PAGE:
The Big Picture: Education Is Everyone's Business

The Big Picture: Education Is Everyone's Business

The Big Picture: Education Is Everyone's Business

The Big Picture: Education Is Everyone's Business

Synopsis

What is the purpose of education? What kind of people do we want our children to grow up to be? How can we design schools so that students will acquire the skills they'll need to live fulfilled and productive lives? These are just a few of the questions that renowned educator Dennis Littky explores in The Big Picture: Education Is Everyone's Business. The schools Littky has created and led over the past 35 years are models for reformers everywhere: small, public schools where the curriculum is rich and meaningful, expectations are high, student progress is measured against real-world standards, and families and communities are actively engaged in the educational process. This book is for both big ?E? and small ?e? educators:?For principals and district administrators who want to change the way schools are run.'For teachers who want students to learn passionately.'For college admissions officers who want diverse applicants with real-world learning experiences.'For business leaders who want a motivated and talented workforce.'For parents who want their children to be prepared for college and for life.'For students who want to take control over their learning... and want a school that is interesting, safe, respectful, and fun.'For anyone who cares about kids. Here, you'll find a moving account of just what is possible in education, with many of the examples drawn from the Metropolitan Regional Career and Technical Center (?The Met?) in Providence, Rhode Island'a diverse public high school with the highest rates of attendance and college acceptance in the state and a dropout rate of less than five percent. The Big Picture is a book to reenergize educators, inspire teachers in training, and start a new conversation about kids and schools, what we want for both, and how to make it happen.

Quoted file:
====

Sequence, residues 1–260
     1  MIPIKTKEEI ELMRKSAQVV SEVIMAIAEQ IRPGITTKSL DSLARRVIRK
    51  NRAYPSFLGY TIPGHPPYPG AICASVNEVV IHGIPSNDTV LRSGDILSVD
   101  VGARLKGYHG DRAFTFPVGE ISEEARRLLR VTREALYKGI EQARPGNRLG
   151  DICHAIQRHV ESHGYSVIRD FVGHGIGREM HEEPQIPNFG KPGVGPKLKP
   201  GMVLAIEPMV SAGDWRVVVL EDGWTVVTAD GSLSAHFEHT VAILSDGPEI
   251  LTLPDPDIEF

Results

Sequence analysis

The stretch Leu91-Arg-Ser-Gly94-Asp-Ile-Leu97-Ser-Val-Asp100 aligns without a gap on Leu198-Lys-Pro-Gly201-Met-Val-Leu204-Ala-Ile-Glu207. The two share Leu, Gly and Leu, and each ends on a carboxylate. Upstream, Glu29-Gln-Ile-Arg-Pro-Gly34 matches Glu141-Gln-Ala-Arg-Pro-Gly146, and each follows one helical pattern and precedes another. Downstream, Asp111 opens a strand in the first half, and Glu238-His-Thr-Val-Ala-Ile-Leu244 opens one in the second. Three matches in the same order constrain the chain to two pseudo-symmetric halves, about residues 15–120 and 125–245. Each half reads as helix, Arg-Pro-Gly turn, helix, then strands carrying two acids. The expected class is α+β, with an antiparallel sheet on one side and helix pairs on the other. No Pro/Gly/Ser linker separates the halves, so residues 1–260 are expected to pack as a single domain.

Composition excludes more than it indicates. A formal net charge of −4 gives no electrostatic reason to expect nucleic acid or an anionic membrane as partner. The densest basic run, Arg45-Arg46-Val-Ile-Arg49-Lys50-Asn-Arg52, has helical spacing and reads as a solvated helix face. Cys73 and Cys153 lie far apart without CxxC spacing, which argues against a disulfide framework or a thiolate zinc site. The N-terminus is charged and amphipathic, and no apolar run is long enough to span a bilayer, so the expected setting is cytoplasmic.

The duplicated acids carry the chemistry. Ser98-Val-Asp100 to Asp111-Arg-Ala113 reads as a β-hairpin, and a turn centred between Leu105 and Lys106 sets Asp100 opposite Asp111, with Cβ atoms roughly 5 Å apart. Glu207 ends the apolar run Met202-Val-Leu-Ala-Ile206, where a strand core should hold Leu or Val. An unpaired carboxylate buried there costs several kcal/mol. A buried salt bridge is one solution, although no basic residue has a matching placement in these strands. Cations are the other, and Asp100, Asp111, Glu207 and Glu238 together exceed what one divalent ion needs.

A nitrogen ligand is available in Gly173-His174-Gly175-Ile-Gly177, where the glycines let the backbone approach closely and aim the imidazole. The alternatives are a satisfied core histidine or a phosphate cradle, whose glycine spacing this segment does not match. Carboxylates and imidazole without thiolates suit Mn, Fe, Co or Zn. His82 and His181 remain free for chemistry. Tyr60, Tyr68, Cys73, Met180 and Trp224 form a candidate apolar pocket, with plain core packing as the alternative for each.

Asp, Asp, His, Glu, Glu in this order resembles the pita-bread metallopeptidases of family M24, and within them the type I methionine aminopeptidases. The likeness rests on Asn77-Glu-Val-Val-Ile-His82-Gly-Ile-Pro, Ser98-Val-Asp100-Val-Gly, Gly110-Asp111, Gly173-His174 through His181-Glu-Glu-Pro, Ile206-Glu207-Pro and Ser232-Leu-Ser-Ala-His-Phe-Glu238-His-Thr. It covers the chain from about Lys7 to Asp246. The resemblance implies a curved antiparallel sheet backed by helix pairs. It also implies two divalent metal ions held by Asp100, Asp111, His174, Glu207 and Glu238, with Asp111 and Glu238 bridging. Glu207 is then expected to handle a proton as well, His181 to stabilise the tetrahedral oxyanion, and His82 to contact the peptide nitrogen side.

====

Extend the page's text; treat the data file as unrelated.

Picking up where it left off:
Excerpt

For a century or more, reformers have been fiddling with how to improve on a paradigm of schooling derived from another age and intended for a very different purpose. Thousands of years of history suggest that the schoolhouse as we know it is an absurd way to rear our young; it's contrary to everything we know about what it is to be a human being. For example, we know that doing and talking are what most successful people are very good at—that's where they truly show their stuff. We know that reading and writing are important, but also that these are things that only a rather small and specialized group of people is primarily good at doing. And yet we persist in a form of schooling that measures our children's “achievement” largely in the latter terms, not the former … and sometimes through written tests alone.

Dennis Littky has been gradually taking on the unmentionable. Suppose we just turned the whole thing upside down. Suppose we went back to the oldest and most traditional idea of education: Let kids learn in settings where adults are doing interesting work. Let novices learn from masters. Then create a part-time community for kids where they can use their expanding knowledge of the real world as the foundation for new growth—an environment where they can learn about being a member of a peer group, where they can reflect on what they are doing at their work sites, and where they can hone skills and explore concepts that, they are coming to realize, will be critical to their futures.

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